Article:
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Hello I am setting up a lan of 10 computers in a school in a new room and i am a technical assistant. I have a Cisco switch and my 10 computers and the wall jack is properly working with internet connection for any PC that is individually connected. Can i connect the switch to the wall jack and then connect the PC's to that switch or what should I do? Thank you in advanced!


There are differences between want you can do, and what you should do. Technically, yes you can add a switch in a room by connecting to a wall jack. The most correct way would be to run new LAN cables back to the core of your network and individually connect each computer that way.
The second way would be wireless.
If you have to go with a switch in the room, it might be a good idea to see if the main switch has an uplink port, and connect your new switch to that port of the existing switch. When you start adding switches downstream of your main network, it can cause you some issues, and really opens up the possibility of loops on the LAN.


There is no problem adding a switch for the situation like you describe. In fact if I were doing a layout on limited money (all schools I know of) and wanted to put 10+ computers in every room I'd run 2 cables (TP or fiber) from each room back to a hefty centrally located switch. In each room I'd have a switch or wireless access point (or both) to handle all the connections.

I know this will cause some groans but if you have 20-40 classrooms (normal school) and want 15-25 connections per room (normal class size) then 300-1000 connections in a com closet gets complicated and expensive real fast. I have little doubt that all students will need a network connection for most academic subjects in the fairly near future.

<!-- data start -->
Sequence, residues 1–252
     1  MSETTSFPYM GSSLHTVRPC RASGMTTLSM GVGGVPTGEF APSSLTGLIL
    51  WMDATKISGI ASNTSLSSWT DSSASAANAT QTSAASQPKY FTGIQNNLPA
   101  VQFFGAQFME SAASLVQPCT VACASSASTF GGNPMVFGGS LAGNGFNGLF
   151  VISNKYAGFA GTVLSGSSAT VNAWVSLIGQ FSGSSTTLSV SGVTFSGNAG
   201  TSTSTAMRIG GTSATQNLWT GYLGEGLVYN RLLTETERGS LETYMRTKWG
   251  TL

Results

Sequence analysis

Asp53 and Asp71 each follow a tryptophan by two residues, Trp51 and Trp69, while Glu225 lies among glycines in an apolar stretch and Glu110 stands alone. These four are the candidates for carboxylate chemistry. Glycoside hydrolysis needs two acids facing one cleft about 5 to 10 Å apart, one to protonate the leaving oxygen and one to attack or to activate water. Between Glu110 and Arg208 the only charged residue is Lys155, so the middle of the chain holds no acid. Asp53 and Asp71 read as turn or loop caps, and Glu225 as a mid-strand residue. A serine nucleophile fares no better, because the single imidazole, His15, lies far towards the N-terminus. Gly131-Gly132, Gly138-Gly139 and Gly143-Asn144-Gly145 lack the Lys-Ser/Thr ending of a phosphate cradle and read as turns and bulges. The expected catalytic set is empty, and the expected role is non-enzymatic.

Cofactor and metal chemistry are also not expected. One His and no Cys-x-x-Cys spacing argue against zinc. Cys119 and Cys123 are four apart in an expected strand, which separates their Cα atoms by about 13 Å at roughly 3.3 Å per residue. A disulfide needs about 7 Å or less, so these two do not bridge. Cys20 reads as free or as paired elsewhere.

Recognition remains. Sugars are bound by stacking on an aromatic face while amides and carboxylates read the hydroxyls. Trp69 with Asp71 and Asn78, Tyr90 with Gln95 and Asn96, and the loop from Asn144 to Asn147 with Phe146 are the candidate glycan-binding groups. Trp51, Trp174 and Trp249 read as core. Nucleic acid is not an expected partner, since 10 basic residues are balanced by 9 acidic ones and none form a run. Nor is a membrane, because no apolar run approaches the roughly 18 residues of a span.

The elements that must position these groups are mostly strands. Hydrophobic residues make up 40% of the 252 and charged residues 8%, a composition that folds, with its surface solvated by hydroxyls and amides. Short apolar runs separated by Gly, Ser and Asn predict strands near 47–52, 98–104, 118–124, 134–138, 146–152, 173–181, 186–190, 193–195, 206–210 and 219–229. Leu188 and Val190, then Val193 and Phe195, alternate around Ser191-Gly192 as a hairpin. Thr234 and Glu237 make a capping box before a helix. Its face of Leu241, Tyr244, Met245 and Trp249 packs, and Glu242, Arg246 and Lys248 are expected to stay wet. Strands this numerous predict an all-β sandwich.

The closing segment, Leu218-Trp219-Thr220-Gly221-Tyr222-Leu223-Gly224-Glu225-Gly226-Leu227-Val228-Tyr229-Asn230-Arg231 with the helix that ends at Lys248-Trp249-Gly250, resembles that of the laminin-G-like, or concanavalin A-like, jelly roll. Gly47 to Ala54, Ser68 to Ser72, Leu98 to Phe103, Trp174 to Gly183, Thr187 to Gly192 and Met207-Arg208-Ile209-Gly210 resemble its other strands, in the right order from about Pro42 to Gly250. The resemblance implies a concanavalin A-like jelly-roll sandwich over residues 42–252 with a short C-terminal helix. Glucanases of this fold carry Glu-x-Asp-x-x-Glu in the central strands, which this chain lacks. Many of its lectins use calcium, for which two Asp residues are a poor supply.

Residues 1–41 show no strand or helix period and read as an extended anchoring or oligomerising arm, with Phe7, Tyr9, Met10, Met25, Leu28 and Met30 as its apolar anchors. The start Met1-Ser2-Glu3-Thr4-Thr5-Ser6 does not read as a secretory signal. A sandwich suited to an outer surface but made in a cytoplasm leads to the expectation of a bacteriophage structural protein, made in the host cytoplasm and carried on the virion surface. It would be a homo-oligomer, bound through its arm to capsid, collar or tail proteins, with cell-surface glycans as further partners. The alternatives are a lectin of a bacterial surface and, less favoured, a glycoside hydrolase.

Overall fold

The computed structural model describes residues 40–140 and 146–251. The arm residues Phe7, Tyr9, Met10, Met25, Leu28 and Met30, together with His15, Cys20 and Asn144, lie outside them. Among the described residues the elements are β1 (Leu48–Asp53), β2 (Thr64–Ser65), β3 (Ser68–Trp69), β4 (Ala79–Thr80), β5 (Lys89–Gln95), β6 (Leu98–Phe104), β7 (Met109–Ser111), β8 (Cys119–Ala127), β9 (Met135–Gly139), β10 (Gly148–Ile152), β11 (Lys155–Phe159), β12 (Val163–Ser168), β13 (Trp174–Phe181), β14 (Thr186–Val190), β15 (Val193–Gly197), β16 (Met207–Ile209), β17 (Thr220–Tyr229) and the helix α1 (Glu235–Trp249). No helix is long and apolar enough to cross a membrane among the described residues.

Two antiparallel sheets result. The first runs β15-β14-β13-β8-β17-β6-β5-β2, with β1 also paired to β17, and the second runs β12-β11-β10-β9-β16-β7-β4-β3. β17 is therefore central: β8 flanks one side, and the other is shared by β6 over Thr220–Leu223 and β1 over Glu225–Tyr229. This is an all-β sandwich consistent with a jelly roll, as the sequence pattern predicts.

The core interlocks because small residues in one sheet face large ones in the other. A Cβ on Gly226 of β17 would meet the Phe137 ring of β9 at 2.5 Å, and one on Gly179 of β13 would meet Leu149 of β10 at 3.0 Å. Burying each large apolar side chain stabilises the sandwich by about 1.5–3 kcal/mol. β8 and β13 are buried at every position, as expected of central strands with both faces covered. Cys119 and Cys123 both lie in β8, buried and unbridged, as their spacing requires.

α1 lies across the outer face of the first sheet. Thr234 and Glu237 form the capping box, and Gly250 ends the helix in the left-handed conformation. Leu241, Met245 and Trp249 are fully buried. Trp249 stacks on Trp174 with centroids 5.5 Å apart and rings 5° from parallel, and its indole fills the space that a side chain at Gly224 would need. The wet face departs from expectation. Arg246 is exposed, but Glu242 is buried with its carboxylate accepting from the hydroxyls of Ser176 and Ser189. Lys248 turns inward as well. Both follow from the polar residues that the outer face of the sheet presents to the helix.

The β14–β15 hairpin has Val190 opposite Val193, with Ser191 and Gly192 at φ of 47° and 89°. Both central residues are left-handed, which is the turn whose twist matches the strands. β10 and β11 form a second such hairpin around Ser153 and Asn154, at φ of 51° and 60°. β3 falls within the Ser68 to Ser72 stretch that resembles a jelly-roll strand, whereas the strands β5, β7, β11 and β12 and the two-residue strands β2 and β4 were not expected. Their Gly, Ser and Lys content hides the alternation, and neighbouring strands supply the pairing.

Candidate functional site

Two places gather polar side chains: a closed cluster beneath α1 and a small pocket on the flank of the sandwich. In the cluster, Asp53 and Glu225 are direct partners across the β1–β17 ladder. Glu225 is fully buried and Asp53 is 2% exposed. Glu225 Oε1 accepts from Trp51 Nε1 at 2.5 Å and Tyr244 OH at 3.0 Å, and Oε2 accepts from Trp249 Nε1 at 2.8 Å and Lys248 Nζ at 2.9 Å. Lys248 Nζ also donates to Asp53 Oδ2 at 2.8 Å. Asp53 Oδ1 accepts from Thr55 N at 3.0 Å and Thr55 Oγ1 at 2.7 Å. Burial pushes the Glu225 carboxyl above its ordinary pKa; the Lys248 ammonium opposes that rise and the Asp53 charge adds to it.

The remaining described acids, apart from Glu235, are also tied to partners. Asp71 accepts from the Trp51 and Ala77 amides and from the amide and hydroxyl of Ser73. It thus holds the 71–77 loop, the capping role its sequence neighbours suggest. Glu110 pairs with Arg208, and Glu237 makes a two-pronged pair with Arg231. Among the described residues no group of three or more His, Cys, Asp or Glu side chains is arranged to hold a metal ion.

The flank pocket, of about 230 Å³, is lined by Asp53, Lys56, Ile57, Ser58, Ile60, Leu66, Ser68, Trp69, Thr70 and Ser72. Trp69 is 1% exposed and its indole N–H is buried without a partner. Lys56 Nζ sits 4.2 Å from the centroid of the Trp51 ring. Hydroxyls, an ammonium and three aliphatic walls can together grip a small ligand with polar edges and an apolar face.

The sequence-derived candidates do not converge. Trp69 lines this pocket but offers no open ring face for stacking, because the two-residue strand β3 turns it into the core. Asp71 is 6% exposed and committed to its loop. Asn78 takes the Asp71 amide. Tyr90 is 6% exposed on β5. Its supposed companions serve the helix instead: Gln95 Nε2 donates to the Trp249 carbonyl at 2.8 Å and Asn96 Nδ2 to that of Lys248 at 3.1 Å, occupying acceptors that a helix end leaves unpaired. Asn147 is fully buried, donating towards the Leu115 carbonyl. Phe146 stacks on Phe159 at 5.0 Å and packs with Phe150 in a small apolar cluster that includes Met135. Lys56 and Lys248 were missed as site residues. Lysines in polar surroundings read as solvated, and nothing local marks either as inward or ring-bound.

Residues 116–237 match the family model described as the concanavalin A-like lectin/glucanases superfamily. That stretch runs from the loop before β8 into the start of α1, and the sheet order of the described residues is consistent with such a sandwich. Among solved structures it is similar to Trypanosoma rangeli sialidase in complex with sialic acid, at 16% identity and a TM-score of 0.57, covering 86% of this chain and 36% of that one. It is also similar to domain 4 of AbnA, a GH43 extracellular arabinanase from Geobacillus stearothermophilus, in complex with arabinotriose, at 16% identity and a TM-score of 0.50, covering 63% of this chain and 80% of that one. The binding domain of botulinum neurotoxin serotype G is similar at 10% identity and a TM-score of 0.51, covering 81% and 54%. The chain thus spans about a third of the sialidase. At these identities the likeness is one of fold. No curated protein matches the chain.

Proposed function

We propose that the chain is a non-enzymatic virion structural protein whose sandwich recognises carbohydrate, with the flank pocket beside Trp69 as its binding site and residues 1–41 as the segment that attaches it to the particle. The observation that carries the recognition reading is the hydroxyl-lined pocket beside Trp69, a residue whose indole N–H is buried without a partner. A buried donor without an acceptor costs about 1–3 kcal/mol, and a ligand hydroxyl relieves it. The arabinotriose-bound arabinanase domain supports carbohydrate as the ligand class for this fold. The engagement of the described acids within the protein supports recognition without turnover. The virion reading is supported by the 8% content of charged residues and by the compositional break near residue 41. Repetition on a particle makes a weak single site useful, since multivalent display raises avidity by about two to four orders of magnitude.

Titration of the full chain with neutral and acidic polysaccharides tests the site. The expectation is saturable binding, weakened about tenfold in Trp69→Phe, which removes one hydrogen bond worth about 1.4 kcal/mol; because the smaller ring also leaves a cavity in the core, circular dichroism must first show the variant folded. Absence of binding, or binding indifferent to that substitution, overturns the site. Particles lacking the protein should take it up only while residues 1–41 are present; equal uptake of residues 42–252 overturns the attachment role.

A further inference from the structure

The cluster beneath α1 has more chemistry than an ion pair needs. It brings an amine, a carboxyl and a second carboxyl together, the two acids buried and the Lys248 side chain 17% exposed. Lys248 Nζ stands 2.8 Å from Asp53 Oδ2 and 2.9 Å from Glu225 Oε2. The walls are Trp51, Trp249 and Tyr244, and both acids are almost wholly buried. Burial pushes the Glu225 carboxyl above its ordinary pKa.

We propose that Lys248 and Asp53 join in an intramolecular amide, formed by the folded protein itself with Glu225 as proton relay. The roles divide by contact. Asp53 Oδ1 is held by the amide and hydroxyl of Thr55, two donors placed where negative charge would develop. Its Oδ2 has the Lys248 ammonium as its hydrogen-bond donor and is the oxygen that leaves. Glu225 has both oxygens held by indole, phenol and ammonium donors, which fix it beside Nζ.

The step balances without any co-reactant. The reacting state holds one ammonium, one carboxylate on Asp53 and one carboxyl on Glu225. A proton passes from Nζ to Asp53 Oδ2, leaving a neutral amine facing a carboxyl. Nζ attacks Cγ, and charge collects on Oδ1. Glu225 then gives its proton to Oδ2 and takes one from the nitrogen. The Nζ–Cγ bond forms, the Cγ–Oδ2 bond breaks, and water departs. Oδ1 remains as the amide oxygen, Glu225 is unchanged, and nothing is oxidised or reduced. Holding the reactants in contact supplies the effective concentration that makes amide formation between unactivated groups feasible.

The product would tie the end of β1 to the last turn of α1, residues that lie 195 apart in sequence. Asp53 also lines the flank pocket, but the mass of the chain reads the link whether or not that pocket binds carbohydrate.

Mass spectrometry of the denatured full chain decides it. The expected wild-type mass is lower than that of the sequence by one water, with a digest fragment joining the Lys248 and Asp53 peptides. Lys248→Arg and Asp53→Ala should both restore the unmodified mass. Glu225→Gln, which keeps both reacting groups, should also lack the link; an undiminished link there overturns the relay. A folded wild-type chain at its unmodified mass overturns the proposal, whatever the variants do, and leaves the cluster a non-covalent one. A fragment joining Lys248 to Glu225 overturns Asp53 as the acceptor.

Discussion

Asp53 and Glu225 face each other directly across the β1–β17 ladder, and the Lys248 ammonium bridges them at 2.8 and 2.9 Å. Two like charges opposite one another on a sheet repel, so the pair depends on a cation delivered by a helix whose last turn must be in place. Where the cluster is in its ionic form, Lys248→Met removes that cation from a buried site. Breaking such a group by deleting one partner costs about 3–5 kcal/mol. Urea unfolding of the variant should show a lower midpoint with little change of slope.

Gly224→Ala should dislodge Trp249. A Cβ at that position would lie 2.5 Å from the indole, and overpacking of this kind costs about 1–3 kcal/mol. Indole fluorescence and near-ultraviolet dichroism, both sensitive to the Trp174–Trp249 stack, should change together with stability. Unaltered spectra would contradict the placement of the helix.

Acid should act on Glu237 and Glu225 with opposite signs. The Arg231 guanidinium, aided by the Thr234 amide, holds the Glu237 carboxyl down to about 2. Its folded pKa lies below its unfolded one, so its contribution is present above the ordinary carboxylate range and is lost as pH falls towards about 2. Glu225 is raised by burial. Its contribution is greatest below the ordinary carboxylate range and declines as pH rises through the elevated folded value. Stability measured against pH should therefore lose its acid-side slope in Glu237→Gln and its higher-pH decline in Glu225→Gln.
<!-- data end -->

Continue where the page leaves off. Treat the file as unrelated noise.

I'm a great believer in managed switches. Managed switches give a lot of flexibility in configuring a network. You can trunk ports to increase bandwidth and set up VLANS to partition you network. One thing to keep an eye on is Spanning Tree Protocol. With Win7 and it's network identification you need to turn off STP on ports that just go to a W7 machine so it can ID the gateway MAC address faster. Any ports that go to another switch should have STP turned on.

"Uplink" ports are vestiges of the days before auto crossover (auto-MDIX). If one of the switches you have has a port labeled like that it certainly does not hurt to use it but it is likely the switch is fairly old.


Thank You for the help but i am not rewiring a major part of the school and i dont have the option to run the cables back to the main closet. I am creating an addition to the already existent network. All i have access to is one wall jack that has connection to the network and to the internet but i have to add 10 devices to the already existent network.


So connect the switch to the existing wall jack and the 10 computers to the switch. Should work fine just like I said in my last post.

If the link light does light up on the port connected to the wall plate you will need to crossover the Tx and Rx lines using a crossover cable, uplink port or uplink pushbutton. Like I said above most modern switches take care of this for you.

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